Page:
Tag Archives: books

Book Review: After Buddhism, by Stephen Batchelor

With his latest book, After Buddhism, renowned scholar Stephen Batchelor continues to expand his vision for a “secular Buddhism”, a project he began nearly twenty years ago in his 1997 book Buddhism Without Beliefs. In that groundbreaking book, he sounded … Continue reading

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In praise of “slow thinking”

A while ago, I wrote a post reflecting on Daniel Kahneman’s extraordinary book Thinking Fast and Slow.  And just a few days ago, my friend and teacher James Flaherty, the founder of New Ventures West, published his own comments on this book in the … Continue reading

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Book Review: Confession of a Buddhist Atheist, by Stephen Batchelor

This self-styled “confession” by Stephen Batchelor succeeds brilliantly in three distinct literary genres. First and foremost, it’s an articulate and passionate exposition of Buddhism from this gifted, world-renowned scholar and teacher. Second, it’s a poignant memoir of a lifetime’s journey … Continue reading

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Our Divided Minds – Part 2

My last post explored the eminent social psychologist Daniel Kahneman’s description of our minds as divided into two separate but cooperating functional units, to which he gave the simple names “System 1” and “System 2”.  Now, in this continuation post, we’ll move on to … Continue reading

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Our Divided Minds – Part 1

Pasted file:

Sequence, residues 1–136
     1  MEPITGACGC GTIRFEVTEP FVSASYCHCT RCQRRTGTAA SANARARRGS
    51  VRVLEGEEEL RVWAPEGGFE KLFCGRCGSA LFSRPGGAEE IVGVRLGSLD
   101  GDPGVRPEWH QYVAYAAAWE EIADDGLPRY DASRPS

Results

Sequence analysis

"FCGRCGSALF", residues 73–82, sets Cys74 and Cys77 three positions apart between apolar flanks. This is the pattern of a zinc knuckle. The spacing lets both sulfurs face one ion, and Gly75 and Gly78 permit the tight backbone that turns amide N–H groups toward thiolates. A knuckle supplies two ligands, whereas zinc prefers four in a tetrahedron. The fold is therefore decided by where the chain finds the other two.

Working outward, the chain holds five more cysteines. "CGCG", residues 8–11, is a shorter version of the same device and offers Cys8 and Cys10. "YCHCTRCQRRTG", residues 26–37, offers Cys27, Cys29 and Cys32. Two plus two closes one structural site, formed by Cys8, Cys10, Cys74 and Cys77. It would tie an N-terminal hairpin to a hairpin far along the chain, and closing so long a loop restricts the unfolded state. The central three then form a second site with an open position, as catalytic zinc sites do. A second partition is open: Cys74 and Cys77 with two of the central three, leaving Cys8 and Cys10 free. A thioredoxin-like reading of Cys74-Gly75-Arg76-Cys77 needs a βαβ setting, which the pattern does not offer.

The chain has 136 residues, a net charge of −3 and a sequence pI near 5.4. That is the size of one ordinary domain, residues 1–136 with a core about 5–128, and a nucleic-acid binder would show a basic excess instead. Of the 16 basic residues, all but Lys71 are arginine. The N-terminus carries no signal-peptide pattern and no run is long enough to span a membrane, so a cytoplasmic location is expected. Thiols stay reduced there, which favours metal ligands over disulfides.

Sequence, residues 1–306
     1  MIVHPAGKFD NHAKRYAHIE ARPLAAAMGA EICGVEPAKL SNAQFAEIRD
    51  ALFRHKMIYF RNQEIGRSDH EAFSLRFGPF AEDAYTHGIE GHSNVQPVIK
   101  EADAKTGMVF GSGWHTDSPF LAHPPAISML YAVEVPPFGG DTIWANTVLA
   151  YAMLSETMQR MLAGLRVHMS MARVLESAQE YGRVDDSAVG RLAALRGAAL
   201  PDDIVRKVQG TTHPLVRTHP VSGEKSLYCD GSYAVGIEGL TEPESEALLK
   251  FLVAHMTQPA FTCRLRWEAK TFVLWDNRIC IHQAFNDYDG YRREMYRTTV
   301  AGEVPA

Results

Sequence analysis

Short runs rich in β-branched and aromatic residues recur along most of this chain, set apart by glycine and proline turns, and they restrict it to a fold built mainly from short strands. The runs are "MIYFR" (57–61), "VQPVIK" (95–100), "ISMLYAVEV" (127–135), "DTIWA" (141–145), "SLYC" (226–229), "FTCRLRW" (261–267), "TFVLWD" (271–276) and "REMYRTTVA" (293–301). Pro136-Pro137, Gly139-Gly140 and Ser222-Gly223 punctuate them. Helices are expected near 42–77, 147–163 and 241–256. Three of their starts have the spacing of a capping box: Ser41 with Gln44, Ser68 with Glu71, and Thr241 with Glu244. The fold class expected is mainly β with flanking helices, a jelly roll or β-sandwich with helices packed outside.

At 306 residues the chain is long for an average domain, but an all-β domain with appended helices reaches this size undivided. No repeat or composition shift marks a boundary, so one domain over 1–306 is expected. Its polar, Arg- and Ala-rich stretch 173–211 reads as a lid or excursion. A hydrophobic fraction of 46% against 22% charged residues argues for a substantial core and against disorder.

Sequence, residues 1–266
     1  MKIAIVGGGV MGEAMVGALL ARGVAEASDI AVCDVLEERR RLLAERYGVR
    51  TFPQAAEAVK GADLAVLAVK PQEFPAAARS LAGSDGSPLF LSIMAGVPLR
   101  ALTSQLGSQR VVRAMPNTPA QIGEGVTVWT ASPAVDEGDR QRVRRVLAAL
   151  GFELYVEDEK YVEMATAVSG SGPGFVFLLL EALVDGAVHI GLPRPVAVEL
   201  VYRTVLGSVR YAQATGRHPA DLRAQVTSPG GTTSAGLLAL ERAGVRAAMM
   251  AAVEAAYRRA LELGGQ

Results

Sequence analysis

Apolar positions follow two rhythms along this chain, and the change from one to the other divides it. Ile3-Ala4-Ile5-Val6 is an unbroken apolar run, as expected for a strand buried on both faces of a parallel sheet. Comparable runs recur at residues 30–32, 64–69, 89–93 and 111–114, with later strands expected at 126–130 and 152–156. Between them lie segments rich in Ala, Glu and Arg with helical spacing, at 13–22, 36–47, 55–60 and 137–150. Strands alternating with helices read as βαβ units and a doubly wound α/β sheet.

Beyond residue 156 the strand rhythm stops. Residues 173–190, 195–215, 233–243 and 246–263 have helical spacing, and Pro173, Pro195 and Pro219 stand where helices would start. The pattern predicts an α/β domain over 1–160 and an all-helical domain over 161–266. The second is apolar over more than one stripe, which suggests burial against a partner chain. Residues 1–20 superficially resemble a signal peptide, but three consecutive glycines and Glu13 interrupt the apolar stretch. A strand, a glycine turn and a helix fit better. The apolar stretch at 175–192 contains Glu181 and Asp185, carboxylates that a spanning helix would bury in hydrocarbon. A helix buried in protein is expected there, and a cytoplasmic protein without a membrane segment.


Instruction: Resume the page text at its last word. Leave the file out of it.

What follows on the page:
Two books I’ve read recently – The Righteous Mind by Jonathan Haidt, and Thinking, Fast and Slow by Daniel Kahneman – offer some surprising new insights into how our minds function.  Both authors are social psychologists renowned in their field (Kahneman is a Nobel … Continue reading

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Mindfulness Quotes and Comments

Every writer must, of necessity, be a reader as well.  Every one of the topics I write about in this blog has been informed in one way or another by what I have been reading on the subjects of mindfulness, meditation, and Buddhism. It’s … Continue reading

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Our Tragic Hunger for More

“Please, sir, I want some more.” When young Oliver Twist makes his famous request for a second helping of the miserable food being served to him and his fellow orphans at the start of Charles Dickens’ classic novel, it’s all but impossible for the reader … Continue reading

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